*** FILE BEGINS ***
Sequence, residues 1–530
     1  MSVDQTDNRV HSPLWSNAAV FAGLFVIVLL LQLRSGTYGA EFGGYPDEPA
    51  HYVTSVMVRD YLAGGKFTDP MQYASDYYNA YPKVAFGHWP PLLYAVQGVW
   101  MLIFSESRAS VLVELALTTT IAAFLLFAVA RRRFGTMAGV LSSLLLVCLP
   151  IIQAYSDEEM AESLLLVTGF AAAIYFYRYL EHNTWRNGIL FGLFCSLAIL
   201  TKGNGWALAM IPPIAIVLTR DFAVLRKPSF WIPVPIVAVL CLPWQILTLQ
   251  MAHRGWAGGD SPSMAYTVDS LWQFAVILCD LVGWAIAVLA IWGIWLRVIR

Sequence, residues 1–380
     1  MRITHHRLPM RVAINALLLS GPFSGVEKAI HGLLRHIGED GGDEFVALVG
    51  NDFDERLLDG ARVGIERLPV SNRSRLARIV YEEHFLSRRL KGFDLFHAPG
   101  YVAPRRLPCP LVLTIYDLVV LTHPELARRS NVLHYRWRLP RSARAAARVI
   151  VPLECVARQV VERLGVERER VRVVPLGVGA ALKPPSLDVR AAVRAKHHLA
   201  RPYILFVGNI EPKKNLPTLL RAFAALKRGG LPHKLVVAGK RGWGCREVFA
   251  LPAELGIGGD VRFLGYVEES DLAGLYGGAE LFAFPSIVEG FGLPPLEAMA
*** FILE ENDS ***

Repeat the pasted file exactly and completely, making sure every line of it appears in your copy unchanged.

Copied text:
Sequence, residues 1–530
     1  MSVDQTDNRV HSPLWSNAAV FAGLFVIVLL LQLRSGTYGA EFGGYPDEPA
    51  HYVTSVMVRD YLAGGKFTDP MQYASDYYNA YPKVAFGHWP PLLYAVQGVW
   101  MLIFSESRAS VLVELALTTT IAAFLLFAVA RRRFGTMAGV LSSLLLVCLP
   151  IIQAYSDEEM AESLLLVTGF AAAIYFYRYL EHNTWRNGIL FGLFCSLAIL
   201  TKGNGWALAM IPPIAIVLTR DFAVLRKPSF WIPVPIVAVL CLPWQILTLQ
   251  MAHRGWAGGD SPSMAYTVDS LWQFAVILCD LVGWAIAVLA IWGIWLRVIR

Sequence, residues 1–380
     1  MRITHHRLPM RVAINALLLS GPFSGVEKAI HGLLRHIGED GGDEFVALVG
    51  NDFDERLLDG ARVGIERLPV SNRSRLARIV YEEHFLSRRL KGFDLFHAPG
   101  YVAPRRLPCP LVLTIYDLVV LTHPELARRS NVLHYRWRLP RSARAAARVI
   151  VPLECVARQV VERLGVERER VRVVPLGVGA ALKPPSLDVR AAVRAKHHLA
   201  RPYILFVGNI EPKKNLPTLL RAFAALKRGG LPHKLVVAGK RGWGCREVFA
   251  LPAELGIGGD VRFLGYVEES DLAGLYGGAE LFAFPSIVEG FGLPPLEAMA